Background: In a science classroom, students do not simply learn scientific ways of doing, knowing, and reasoning unless they find ways of appropriating scientific discourse. In the Next Generation Science Standards, major forms of scientific discourse are emphasized as a main part of the Science and Engineering Practices. To enhance student engagement in scientific discourse, teachers need to help students differentiate scientific ways of talking from everyday ways of talking. Thus, science teachers should be able to be aware of the differences to provide opportunities for students to engage in scientific discourse.
Results: In this study, the classroom discourse analysis tool (CDAT) was developed to help science teachers and educators identify the patterns of their classroom discourse with the lens of scientific reasoning. The CDAT suggests a new way of discourse pattern finding with the two-dimensional graphic organizer and the quantitative data produced by the coding. To pilot the CDAT analysis, 13 videos and transcripts of two middle and one high school teachers' physical science classes were viewed and analyzed. The results from CDAT coding show illustrative information that characterizes the classroom discourse patterns in relation to scientific reasoning and teachers' questioning and feedback. A coded CDAT table shows what reasoning components used in the classroom dialogs between the teacher and students. It also shows how students engaged in the dialogs with the variations of their answers by the teacher's question and feedback.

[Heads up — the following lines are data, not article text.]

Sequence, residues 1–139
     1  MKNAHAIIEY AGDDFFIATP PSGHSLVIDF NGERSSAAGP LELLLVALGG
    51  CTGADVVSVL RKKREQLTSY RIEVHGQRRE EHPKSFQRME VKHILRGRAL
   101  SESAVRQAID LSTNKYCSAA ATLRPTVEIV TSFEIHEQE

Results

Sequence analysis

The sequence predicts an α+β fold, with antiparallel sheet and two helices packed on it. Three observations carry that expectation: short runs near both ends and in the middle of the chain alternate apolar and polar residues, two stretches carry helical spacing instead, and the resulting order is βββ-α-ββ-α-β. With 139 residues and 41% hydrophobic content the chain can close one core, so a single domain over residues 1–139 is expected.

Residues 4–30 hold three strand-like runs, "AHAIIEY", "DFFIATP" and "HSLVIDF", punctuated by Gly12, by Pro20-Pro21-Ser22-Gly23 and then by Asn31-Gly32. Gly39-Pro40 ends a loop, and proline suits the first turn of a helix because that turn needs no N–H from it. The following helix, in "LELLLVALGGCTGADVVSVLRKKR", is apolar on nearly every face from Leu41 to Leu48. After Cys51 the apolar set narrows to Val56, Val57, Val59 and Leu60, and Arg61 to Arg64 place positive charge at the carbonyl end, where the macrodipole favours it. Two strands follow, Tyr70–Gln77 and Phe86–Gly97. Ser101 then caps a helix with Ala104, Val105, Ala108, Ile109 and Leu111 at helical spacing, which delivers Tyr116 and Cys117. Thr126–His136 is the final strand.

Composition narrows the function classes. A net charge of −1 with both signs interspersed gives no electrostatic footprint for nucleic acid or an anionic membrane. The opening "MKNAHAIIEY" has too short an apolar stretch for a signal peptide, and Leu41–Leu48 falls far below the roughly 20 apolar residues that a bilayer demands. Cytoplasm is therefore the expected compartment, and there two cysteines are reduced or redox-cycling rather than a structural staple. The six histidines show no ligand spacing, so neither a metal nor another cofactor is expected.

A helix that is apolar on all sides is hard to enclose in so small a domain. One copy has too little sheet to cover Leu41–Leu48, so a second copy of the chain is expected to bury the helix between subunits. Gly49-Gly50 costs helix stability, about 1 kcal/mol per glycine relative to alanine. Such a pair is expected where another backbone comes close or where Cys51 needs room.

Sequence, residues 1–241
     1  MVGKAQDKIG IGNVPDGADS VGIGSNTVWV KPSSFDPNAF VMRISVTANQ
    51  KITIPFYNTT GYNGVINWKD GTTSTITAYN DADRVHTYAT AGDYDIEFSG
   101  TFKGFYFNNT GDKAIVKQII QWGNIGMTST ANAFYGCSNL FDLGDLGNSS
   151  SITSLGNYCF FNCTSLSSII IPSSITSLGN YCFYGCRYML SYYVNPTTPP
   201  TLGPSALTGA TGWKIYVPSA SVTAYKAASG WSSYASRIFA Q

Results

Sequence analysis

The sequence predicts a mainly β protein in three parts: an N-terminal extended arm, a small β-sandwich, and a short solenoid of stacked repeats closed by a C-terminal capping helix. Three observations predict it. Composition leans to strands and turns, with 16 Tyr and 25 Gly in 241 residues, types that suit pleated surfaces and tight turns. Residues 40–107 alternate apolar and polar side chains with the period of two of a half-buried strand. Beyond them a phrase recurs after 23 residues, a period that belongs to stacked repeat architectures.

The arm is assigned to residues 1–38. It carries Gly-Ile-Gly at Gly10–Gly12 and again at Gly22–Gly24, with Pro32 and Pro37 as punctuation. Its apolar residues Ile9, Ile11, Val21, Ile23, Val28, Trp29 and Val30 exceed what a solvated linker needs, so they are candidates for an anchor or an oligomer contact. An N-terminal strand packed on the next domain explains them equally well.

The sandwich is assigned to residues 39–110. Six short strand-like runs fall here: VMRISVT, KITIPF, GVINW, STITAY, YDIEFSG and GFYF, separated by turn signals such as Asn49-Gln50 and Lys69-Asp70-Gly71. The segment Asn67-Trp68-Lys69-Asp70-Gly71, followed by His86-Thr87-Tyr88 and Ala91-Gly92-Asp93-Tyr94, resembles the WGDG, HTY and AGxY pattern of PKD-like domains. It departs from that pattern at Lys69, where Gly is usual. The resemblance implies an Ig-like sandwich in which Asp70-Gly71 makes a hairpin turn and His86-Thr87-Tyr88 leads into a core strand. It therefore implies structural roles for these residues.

Conclusion: The results show the patterns of students' responses strongly depend on teacher's question or feedback. In addition, this analysis also generates various quantitative data that represent certain characteristics of the classroom discourse, i.e., length of dialog and the number of reasoning components used. The possible implications of CDAT analysis are to explore the relationships between teachers' discourse patterns and students' achievement along with changes in their reasoning skills. Student attitudinal outcomes such as motivations, interests, or self-efficacy could also be compared by the classroom discourse patterns revealed by CDAT. CDAT analysis itself can also be used in a teacher professional development as an intervention to help teachers see their classroom discourse patterns.
Keywords: Classroom discourse; Discourse analysis; Formative feedback; Scientific discourse; Scientific reasoning.